“We’ve had great success in research and development,” says Tom Zahner. “We think there’s a lot of opportunity in the part-positioning concept. In a lean manufacturing world, movement is waste, and the time it takes to get two parts into position is considered a wasted resource. The quicker a robot can get things organized in the right position, the better.”
Moreover, Raymond Yeager, the president and CEO of DMI Companies, notes that engineers are already working to enhance the safety of working in close quarters with robots, which would further expand the opportunity set for robots within the jobsite.
When it comes to the bottom-line impact of robotics for sheet metal and HVAC contractors, the gains can be difficult to quantify in terms of dollars. Based on return-on-investment analyses, Yeager says he is confident that DMI Companies’ robots and automation technologies pay for themselves. He notes, for example, that robots are improving the efficiency of the companies’ production lines, cutting down on bottlenecks.
Importantly, those in the industry with experience using robotics cite the quality of work and the consistency of the finished products as chief benefits. That means less work on the back end to correct mistakes made during construction and production processes.
“We’ve mitigated, or removed, certain risks that we usually expect to happen” on a construction project, says Tom Zahner.
The Learning Curve
Of course, the learning curve for implementing robotics in companies’ operations presents one potential obstacle for sheet metal and HVAC contractors. That means planning ahead, according to Tom Zahner.
“If you have the right people, and they’re engaged, it’s really not that hard” to start using robotics in construction, Zahner says. “It has not been a challenge in our minds, but we went in with our eyes wide open. We had the right people in place at an early enough stage that it was more of a plan, not a reaction.”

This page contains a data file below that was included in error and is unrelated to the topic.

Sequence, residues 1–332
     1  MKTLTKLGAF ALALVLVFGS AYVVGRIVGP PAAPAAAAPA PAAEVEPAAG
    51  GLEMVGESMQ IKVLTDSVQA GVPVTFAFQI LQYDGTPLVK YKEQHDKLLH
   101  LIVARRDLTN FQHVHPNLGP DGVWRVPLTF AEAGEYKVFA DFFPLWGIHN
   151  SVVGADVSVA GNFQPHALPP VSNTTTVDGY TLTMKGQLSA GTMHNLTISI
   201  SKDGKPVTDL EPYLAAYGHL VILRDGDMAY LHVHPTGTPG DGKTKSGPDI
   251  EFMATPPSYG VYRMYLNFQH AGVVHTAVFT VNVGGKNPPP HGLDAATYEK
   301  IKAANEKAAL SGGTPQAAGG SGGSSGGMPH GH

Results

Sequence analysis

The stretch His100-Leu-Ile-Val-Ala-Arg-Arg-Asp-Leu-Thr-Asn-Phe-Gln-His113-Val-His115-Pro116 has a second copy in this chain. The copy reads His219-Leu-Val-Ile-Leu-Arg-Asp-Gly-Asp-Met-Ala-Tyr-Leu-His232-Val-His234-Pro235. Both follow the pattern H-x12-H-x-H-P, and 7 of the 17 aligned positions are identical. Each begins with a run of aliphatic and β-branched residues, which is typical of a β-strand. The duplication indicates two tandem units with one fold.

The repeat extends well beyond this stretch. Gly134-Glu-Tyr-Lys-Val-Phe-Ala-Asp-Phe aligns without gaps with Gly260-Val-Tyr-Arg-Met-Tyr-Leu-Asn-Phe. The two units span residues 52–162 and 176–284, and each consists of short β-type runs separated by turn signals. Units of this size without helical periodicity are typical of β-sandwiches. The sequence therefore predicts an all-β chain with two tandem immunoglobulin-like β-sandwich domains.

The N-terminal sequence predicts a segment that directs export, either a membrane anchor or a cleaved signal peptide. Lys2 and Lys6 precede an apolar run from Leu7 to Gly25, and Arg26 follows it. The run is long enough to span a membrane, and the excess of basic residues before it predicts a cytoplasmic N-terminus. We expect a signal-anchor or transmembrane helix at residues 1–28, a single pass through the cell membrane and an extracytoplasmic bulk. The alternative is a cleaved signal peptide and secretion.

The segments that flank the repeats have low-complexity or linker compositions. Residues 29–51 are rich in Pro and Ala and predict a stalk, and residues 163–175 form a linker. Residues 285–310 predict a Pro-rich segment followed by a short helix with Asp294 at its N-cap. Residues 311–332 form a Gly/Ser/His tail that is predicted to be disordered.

In addition to the capital expenditures required to purchase robots (or cobots), contractors have to be willing to invest in training their workforce to operate the new technology. “You need more technical specialists who have experience in how to keep this type of technology running,” Yeager says.
Fortunately, in light of the ubiquity of robotics across the manufacturing sector, it is becoming easier to find employees with the right experience to come into construction, according to Tom Zahner. He can envision a day in which his company starts to filter out the applications of prospective employees who lack experience using robotics. “It is becoming more commonplace for your typical engineer to have some education in robotics,” he says.
A Blended Workforce: Humans and Robots
All of the factors involved in using robotics in sheet metal and HVAC contracting ultimately point to changing dynamics within the industry’s workforce. For example, Yeager says he would encourage any construction training program to ensure that they’re keeping up with the evolving requirements of their jobs.
“Robots do not necessarily reduce the workforce,” Yeager says. “They change the workforce.”
Tom Zahner notes that his company’s experiences don’t lead him to believe that broader applications of robotics will result in workforce reductions. Instead, he says, cobots are doing tasks that enhance the ability of the human workers to accomplish their work to the level of quality required within a specified timeframe.“ In the world of custom architectural sheet metal manufacturing, a robot is more of an assistant to the process,” he says.
Bentley takes a wholistic view of the forthcoming changes in the workplace. He encourages managers and executives to think of humans and robots, particularly cobots, as co-workers. That idea that has wide-ranging implications for companies, involving everything from their organizational cultures to the types of work that their employees do.
“We have to conclude that when technology changes, such as we are seeing now with robots, then we have to think about changes to the whole system,” Bentley says. “We need to think about management operating systems that allow for this blended workforce.”
Robot automatically bending sheet metal »